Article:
Until next Time:
QUOTE OF THE DAY:
“Come to me, all you who are weary and burdened, and I will give you rest. Take my yoke upon you and learn from me, for I am gentle and humble in heart, and you will find rest for your souls.For my yoke is easy and my burden is light.” Matthew 11:28 – 30
On the Australian coat of arms is a picture of an emu and a kangaroo. These animals were chosen because they share a characteristic that appealed to our forefathers. Both the emu and kangaroo can move only forward, not back. The emu’s three-toed foot causes it to fall if it tries to go backwards, and the kangaroo is prevented from moving in reverse by its large tail.
I love this illustration; I am all about moving forward, keeping your eyes on the goal, never give up, but I have learned that sometimes you have to take a step to move forward. Everyone, whether it be in business, your personal life, church growth, will hit a slump or get a curve ball. When that happens we get the opportunity to pause and reevaluate. The article below is a great illustration of someone stepping back to move forward.
Efrain Escudero Looking back to move forward
By Jordan Newmark April 08, 2012
When a professional athlete rebounds from a slump or a setback, the easiest conclusion to jump to is that they added something “new”. A change in routine, mindset, workout, technique or anything that has been recently tweaked by the world’s latest and greatest ideas.
For many, this is the case, but for others, like UFC lightweight Efrain Escudero, rediscovering what they did in the past is how they progressed in the future. For “Hecho en Mexico”, the journey back to the Octagon was accomplished by fighting for the reason that originally drew Escudero to the sport: because it was fun. … “I went back and saw my old tapes, my old highlight videos, and what I did in them – I had fun,” states Escudero. “Every time I went to the cage I was having fun. I wasn’t scared, I wasn’t nervous, I was ready to have fun. Getting called back up to the UFC, I had fun having to bust my butt again to get back where I belong.”
Recently, we had a couple of key staff members move on for very positive, personal reasons. When this happened we knew we would have to make some major changes, so we took this opportunity to step back, not to dwell in a pity party, but in keeping our eyes on our goals, to pause, redirect and move forward again. We are truly excited about our new structure and direction. We are expecting great things to happen!
So while we may at times pause and step back our constant direction over time is forward.
Until next time,
QUOTE OF THE DAY:
Plan backwards as well as forward. Set objectives and trace back to see how to achieve them. You may find that no path can get you there. Plan forward to see where your steps will take you, which may not be clear or intuitive. – Donald Rumsfeld
I’m sure you have all heard the saying that you only get one chance to make a first impression. It is true in your personal life, and it is true in your church. An area of serving that is often overlooked in churches is that of Usher. Not everyone can be an usher. Just as not everyone can be a worship leader, work in child care, repair the building, or preach the sermon. We each have our unique God given gifts, and that includes people who are wired to be good ushers. I love how well Dan Reiland outlines the importance and “how to’s” of the usher ministry in the article below.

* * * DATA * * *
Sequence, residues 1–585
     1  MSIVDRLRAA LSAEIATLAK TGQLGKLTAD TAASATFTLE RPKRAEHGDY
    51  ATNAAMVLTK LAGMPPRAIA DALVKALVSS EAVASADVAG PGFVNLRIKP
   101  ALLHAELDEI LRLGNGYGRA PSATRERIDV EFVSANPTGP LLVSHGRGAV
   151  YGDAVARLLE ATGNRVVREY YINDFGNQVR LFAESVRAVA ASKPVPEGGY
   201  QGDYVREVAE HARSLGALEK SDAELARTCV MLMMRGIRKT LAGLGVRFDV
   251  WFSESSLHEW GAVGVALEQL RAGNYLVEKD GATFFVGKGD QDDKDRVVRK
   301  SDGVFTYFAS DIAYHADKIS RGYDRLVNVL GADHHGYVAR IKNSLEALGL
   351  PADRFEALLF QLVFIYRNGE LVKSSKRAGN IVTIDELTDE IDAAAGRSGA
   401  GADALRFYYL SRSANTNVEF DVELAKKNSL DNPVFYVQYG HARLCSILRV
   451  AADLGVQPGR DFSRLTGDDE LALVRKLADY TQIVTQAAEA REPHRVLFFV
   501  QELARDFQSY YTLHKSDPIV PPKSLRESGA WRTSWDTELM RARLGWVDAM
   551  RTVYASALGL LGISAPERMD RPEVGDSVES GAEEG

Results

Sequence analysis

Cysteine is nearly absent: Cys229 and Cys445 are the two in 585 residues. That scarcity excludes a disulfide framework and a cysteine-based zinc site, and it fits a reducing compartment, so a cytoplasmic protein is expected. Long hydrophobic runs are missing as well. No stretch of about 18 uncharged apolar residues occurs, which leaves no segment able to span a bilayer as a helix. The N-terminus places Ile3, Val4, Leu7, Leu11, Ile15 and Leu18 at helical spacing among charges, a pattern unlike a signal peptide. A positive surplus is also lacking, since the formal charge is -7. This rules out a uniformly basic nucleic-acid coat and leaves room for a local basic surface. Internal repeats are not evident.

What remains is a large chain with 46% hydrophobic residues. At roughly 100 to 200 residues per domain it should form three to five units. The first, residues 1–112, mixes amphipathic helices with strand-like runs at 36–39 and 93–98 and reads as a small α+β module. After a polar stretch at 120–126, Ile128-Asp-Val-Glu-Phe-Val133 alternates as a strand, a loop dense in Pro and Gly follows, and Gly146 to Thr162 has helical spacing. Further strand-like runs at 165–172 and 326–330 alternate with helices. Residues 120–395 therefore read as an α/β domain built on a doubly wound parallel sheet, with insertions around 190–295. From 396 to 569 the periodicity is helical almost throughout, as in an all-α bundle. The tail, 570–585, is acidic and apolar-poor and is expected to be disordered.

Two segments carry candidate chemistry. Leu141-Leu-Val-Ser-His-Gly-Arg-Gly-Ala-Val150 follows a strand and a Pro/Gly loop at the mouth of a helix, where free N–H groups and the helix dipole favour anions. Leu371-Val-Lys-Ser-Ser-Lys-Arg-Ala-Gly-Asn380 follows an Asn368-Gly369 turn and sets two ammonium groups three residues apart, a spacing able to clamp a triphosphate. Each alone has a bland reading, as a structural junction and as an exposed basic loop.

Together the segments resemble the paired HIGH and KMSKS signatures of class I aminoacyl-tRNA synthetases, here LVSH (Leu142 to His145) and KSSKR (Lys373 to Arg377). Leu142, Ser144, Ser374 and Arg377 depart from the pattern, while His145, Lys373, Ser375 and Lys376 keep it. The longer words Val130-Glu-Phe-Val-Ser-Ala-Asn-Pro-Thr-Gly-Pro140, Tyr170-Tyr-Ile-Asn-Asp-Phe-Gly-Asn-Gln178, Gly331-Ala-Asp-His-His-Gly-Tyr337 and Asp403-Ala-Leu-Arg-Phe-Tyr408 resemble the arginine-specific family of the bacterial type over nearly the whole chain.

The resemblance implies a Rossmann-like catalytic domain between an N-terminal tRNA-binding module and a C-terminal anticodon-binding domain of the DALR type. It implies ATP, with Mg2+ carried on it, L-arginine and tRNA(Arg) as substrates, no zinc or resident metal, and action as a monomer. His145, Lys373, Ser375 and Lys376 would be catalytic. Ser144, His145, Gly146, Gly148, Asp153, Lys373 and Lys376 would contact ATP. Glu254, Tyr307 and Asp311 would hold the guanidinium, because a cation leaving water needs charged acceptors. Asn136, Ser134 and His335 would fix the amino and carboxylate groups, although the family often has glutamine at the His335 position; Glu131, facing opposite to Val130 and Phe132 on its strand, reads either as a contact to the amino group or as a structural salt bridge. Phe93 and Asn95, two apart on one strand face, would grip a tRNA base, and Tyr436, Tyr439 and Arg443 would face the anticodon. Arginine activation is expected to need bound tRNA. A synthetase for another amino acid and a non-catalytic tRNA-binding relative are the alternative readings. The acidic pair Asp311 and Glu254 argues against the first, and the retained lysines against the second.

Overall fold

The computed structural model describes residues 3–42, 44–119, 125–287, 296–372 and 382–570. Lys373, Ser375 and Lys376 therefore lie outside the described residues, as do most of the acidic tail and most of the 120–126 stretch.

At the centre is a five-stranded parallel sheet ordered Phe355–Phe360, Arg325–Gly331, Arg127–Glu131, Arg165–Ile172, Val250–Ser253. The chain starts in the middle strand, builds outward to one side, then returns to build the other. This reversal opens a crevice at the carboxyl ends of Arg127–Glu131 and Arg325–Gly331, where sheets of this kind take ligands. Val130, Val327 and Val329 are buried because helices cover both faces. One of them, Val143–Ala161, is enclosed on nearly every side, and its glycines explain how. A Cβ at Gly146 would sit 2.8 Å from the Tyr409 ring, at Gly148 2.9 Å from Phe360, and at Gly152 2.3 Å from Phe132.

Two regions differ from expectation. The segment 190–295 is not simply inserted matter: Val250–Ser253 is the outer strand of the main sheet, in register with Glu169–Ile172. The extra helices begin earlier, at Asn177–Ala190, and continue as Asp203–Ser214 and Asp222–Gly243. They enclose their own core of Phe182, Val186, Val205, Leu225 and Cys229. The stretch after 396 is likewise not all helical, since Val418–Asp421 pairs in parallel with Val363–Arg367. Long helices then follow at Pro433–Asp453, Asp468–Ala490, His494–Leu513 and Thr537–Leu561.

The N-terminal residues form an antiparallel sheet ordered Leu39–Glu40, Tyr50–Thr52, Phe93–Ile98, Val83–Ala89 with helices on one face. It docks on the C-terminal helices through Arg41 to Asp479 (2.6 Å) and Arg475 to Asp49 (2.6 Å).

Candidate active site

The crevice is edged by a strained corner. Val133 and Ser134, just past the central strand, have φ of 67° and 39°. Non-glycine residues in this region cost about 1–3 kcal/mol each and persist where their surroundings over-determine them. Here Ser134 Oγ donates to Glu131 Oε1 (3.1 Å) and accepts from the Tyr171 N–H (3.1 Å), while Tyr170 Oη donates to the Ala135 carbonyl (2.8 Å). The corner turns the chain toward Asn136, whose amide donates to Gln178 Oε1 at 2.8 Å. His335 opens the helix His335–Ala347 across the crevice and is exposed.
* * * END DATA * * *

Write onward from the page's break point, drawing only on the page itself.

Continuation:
“Your Usher Ministry”
by Dan Reiland
One of my favorite ministries to lead is the usher team. Their role is so important, but often undervalued, undertrained, and less than organized.
The ushers are a huge force in setting the tone for worship and helping to prepare the people to hear and respond to the Word of God.
I’m pulling a portion of the training notes for our usher team and adapting for this article. If you would like the full usher training manual (free) CLICK HERE!
An usher is a spiritual ambassador for the local church – God’s ordained and organized body of believers. The usher serves as a “first representative” of Jesus Christ for a worship service. Though we thoroughly enjoy the creative edge of our worship services, make no mistake, this is a holy event where God is meeting with His people.
From the tabernacle in the Old Testament to the temple and synagogue in the New Testament, God’s presence and the teaching of His word is of supreme importance.
Then the cloud covered the Tent of Meeting, and the glory of the LORD filled the tabernacle. Exodus 40:34
They went to Capernaum, and when the Sabbath came, Jesus went into the synagogue and began to teach. The people were amazed at his teaching because he taught them as one who had authority, not as the teachers of the law. Mark 1:21-22
At dawn he appeared again in the temple courts, where all the people gathered around him, and he sat down to teach them. John 8:2
Who Can Serve as an Usher?
Not just anyone can be an usher. In the same way that not just anyone can sing in the choir, work in children’s ministry or lead a small group. The right gifts, passion, and ability make a big difference.
As you recruit new ushers keep spiritual qualities, characteristics and usher responsibilities in mind. Please make sure you work in coordination with your section leader or a service leader rather than practicing “random recruiting.”
The fruit of the Spirit found in Galatians 5:22-23 is a solid guideline for a good usher. This is not about perfection, but a heartfelt motive and desire to live a life of a spirit-filled believer.
Qualifications of an Usher